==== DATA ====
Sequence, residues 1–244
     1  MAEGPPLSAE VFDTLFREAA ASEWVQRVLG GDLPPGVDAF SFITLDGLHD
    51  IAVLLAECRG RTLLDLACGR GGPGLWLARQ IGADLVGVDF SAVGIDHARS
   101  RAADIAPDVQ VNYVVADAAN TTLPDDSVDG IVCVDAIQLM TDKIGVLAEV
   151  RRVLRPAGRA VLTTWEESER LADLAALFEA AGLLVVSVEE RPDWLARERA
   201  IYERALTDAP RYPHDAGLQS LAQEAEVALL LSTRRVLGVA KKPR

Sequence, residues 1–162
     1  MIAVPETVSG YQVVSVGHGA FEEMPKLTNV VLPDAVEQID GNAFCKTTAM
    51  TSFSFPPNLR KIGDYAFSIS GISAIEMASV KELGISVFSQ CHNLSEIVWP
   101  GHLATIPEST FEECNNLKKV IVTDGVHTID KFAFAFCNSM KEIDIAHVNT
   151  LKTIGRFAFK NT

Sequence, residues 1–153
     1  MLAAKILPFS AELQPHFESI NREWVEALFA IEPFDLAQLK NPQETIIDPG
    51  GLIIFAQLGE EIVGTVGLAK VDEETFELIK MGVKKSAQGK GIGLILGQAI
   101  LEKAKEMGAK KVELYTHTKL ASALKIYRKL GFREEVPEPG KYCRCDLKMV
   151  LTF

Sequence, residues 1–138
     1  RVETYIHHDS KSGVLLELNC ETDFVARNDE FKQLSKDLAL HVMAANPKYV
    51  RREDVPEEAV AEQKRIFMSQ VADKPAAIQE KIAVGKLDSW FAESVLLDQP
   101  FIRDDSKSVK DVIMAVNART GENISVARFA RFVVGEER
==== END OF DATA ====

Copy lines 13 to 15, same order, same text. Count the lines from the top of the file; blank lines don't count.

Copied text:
     1  MLAAKILPFS AELQPHFESI NREWVEALFA IEPFDLAQLK NPQETIIDPG
    51  GLIIFAQLGE EIVGTVGLAK VDEETFELIK MGVKKSAQGK GIGLILGQAI
   101  LEKAKEMGAK KVELYTHTKL ASALKIYRKL GFREEVPEPG KYCRCDLKMV